The Constitution of the United States is held up as the highest law of the land. The first 10 amendments are known as the Bill of Rights. The first of these amendments concerns the freedom of speech and religion. It reads:
Congress shall make no law respecting an establishment of religion, or prohibiting the free exercise thereof; or abridging the freedom of speech, or of the press; or the right of the people peaceably to assemble, and to petition the Government for a redress of grievances.
The spirit of this right to express one’s political views without government’s intrusion, is a unique American development in world history. It is a remarkable and exceptional quality of America that the government will provide armed protection for you while you hold a rally talking about how bad the government is. That is truly amazing.
This restraint on the federal government’s intrusion is extended to restrain both state and local government actors. If you think that a local government actor is unlawfully preventing you from exercising your First Amendment rights, one mechanism to push back against them is a Section 1983 lawsuit. If the Plaintiff prevails, that is, if you as the aggrieved party convince the court (the fact finder) that a local government actor unlawfully infringed on your First Amendment rights, you can recover damages and have them ordered to cease and desists.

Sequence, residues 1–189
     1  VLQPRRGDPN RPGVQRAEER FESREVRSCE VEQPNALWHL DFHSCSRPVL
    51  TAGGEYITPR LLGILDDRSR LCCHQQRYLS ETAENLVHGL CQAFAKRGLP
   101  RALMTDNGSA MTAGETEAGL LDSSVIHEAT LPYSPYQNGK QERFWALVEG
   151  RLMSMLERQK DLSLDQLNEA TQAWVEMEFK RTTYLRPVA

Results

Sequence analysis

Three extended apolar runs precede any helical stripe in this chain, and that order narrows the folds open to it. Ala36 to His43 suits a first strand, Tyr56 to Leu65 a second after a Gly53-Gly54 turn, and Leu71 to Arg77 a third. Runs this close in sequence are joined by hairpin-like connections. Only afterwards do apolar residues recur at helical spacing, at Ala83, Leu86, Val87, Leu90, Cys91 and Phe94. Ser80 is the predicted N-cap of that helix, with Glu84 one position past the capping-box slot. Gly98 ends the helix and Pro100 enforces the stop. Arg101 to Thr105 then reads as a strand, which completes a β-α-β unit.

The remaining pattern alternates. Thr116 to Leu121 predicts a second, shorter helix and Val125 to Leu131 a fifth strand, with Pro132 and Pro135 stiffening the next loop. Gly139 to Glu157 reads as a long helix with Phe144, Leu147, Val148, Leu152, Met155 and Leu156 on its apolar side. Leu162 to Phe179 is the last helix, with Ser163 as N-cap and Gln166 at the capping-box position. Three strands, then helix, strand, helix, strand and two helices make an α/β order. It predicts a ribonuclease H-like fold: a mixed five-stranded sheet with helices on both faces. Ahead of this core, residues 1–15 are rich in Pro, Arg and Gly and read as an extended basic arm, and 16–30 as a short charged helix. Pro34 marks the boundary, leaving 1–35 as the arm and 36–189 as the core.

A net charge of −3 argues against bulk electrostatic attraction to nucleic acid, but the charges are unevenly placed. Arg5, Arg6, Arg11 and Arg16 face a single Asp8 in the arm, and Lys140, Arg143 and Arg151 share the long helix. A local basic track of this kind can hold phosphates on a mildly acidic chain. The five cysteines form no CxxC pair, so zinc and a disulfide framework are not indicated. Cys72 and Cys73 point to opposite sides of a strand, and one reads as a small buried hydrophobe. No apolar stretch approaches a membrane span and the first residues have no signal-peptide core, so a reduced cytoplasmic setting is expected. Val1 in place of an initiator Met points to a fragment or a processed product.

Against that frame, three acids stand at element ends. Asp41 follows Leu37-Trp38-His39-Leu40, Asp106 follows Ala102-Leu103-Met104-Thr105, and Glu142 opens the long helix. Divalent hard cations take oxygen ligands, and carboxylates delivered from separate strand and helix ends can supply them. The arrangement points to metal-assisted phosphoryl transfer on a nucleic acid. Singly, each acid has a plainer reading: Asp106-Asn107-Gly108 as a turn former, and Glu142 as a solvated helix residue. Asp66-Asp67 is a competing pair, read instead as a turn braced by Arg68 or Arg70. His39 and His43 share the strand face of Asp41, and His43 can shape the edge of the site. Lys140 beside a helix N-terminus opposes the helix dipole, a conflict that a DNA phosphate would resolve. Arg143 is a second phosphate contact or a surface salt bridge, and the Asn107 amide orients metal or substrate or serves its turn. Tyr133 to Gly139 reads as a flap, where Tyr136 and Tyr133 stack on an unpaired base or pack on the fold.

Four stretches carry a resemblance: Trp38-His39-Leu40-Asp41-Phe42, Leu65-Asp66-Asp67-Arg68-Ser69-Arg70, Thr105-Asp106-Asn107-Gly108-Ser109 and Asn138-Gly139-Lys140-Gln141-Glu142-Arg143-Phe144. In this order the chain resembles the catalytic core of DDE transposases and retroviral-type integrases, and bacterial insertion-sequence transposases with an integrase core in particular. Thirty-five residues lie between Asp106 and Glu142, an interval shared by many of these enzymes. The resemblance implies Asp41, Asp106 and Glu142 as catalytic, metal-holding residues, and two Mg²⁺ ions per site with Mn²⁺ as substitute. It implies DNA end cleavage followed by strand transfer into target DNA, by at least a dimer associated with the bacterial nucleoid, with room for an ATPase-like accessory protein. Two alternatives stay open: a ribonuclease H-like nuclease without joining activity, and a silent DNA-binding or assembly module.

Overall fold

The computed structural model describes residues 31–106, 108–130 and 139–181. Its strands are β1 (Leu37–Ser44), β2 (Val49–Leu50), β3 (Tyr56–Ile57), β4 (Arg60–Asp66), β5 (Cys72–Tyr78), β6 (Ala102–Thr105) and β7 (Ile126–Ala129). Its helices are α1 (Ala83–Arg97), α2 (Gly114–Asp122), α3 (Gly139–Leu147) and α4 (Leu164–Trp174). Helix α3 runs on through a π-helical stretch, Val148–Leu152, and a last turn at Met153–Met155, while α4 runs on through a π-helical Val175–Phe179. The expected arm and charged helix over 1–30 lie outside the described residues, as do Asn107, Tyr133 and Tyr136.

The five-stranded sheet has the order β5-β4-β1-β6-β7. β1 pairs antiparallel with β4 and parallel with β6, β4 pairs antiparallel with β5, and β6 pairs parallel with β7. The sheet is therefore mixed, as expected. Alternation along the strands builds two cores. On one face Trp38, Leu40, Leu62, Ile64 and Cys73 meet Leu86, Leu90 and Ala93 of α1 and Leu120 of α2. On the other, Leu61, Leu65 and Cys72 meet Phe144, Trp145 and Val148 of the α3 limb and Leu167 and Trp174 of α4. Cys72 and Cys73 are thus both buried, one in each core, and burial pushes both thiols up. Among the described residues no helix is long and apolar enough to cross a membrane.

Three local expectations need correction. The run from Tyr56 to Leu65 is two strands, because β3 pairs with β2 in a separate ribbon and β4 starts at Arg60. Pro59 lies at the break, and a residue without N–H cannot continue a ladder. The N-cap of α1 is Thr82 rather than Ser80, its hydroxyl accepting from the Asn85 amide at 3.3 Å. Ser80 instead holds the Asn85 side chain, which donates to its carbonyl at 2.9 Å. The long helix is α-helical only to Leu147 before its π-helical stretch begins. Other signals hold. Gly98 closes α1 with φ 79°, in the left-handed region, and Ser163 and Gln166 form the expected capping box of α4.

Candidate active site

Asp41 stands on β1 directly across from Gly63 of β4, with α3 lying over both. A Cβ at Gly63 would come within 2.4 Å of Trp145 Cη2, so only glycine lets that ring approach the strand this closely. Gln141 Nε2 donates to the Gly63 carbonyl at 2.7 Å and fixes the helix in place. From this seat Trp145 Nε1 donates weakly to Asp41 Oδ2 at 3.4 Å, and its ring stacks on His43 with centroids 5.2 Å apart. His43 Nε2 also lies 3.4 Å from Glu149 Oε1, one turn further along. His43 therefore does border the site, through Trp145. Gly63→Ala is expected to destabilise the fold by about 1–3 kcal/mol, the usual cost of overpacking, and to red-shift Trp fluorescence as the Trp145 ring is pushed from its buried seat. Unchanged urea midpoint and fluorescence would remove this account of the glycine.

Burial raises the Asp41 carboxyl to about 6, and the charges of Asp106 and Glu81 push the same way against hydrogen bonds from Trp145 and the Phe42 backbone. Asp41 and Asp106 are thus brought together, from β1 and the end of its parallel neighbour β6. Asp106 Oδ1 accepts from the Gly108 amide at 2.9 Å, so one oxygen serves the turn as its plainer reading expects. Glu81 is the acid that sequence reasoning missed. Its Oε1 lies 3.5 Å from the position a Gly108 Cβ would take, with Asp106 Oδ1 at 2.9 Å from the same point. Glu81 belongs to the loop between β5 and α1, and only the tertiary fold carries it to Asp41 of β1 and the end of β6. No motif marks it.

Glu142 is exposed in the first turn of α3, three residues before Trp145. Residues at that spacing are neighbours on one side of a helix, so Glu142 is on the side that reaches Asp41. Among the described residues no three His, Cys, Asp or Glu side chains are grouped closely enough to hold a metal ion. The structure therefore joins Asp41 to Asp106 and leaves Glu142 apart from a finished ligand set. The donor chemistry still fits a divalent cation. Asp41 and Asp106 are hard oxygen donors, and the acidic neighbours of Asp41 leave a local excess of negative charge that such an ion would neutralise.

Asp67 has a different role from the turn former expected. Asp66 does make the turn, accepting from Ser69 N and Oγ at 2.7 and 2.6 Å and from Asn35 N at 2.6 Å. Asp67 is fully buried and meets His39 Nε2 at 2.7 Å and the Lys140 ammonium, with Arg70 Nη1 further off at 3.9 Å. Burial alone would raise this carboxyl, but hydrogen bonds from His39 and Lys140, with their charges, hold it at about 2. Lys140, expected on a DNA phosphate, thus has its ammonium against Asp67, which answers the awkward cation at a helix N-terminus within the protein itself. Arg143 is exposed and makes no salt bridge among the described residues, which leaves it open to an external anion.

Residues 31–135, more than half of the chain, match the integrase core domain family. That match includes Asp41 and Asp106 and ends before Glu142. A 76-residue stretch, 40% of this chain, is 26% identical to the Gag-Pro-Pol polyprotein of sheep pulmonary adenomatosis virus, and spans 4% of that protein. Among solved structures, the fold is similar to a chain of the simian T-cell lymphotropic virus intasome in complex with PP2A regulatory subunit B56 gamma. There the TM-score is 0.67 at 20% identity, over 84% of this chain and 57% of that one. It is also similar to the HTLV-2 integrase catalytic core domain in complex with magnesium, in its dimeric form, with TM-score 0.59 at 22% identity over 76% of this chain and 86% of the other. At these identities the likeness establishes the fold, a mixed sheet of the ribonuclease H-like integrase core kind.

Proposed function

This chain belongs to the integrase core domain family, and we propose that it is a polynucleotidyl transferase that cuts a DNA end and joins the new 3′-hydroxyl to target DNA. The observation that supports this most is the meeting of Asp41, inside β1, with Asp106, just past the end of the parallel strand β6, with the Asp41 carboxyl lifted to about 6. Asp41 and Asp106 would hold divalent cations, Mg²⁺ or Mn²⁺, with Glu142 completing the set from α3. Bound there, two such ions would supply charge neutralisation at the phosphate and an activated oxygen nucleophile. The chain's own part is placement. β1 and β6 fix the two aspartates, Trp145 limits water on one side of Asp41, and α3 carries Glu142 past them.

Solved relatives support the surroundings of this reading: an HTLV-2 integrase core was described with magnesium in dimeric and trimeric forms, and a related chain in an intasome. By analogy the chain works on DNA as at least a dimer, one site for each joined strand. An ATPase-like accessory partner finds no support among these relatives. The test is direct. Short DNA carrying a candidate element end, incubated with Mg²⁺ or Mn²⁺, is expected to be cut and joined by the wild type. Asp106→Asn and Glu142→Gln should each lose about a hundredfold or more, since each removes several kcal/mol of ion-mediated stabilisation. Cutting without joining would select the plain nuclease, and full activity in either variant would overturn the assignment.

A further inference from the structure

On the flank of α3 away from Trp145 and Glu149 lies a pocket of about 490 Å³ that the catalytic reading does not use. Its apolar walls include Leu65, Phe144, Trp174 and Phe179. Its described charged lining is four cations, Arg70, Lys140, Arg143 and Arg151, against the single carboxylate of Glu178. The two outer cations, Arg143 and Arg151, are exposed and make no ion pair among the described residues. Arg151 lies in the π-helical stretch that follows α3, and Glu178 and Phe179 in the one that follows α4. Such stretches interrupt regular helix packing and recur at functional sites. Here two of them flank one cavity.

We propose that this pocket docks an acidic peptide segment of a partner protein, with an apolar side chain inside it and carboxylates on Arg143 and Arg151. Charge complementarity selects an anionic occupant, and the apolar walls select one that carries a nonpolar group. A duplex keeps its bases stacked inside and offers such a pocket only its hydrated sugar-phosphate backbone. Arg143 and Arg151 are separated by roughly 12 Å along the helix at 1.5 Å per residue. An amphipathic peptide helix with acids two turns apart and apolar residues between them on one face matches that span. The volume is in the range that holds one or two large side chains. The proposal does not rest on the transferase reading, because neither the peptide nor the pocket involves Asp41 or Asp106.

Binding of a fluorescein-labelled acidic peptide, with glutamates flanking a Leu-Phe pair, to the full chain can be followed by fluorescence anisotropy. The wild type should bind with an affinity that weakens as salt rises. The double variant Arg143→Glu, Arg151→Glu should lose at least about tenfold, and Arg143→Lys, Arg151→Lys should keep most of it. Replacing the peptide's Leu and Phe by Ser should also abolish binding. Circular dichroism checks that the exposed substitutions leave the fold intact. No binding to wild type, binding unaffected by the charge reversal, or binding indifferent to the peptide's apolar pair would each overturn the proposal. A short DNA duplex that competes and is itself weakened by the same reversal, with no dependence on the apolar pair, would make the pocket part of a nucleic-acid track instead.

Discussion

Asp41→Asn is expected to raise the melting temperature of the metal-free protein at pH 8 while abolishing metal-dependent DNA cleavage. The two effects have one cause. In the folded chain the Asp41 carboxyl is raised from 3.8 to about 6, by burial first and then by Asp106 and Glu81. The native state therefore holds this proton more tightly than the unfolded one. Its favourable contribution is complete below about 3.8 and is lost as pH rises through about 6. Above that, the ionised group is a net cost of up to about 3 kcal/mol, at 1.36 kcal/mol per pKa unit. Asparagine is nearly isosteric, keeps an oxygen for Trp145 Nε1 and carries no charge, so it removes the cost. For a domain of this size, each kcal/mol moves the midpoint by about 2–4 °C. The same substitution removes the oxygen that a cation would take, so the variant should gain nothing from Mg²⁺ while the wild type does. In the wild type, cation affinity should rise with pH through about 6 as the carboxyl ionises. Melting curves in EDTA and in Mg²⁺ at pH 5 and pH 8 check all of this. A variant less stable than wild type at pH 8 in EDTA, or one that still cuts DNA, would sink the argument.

About the Author, Samuel J. McLure, Esq.
Sam graduated from Huntington College in 2006 with a degree in Business Administration. Before transferring to Huntington College, he attended Bethune-Cookman University as the first minority-white running back in the historically black conference.
He went on to Jones School of Law and graduated with honors, cum laude. During law school, Sam had the distinguished honor of serving with the Faulkner Law Review, clerking with Alabama Supreme Court Justice Patricia Smith, clerking with the Alabama Attorney General’s Office, and studying International Law with Cornell University in Paris, France.
However, Sam’s most memorable law school achievement was adopting his first child from the Hungarian foster-care system. It was through that process that he and his wife saw the great need to protect children in the foster care system and to encourage adoption.
Sam’s law practice has maintained an orbit around protecting vulnerable and at-risk children. He and his wife have four children and have been actively engaged in the foster care system. Sam is the author of The End of Orphan Care, and book devoted to unpacking the orthodoxy and orthopraxy of orphan care; and has founded or served with ministries and community outreach initiatives such as Kiwanis, Personhood Alabama, Proposal 16, and Sav-a-Life.